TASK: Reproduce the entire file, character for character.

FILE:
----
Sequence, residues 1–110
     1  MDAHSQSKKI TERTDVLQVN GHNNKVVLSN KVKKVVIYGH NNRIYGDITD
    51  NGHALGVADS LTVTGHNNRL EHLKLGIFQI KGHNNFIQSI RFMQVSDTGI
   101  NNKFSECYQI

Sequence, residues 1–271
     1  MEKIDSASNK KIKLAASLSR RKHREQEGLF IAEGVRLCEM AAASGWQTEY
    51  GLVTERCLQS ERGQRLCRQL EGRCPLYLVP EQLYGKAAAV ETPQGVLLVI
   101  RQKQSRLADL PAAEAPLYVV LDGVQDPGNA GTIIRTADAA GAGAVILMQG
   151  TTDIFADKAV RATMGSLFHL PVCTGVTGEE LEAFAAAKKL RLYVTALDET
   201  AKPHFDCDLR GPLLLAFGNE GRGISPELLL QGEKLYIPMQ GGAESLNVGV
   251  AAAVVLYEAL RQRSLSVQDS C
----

Sequence, residues 1–110
     1  MDAHSQSKKI TERTDVLQVN GHNNKVVLSN KVKKVVIYGH NNRIYGDITD
    51  NGHALGVADS LTVTGHNNRL EHLKLGIFQI KGHNNFIQSI RFMQVSDTGI
   101  NNKFSECYQI

Sequence, residues 1–271
     1  MEKIDSASNK KIKLAASLSR RKHREQEGLF IAEGVRLCEM AAASGWQTEY
    51  GLVTERCLQS ERGQRLCRQL EGRCPLYLVP EQLYGKAAAV ETPQGVLLVI
   101  RQKQSRLADL PAAEAPLYVV LDGVQDPGNA GTIIRTADAA GAGAVILMQG
   151  TTDIFADKAV RATMGSLFHL PVCTGVTGEE LEAFAAAKKL RLYVTALDET
   201  AKPHFDCDLR GPLLLAFGNE GRGISPELLL QGEKLYIPMQ GGAESLNVGV
   251  AAAVVLYEAL RQRSLSVQDS C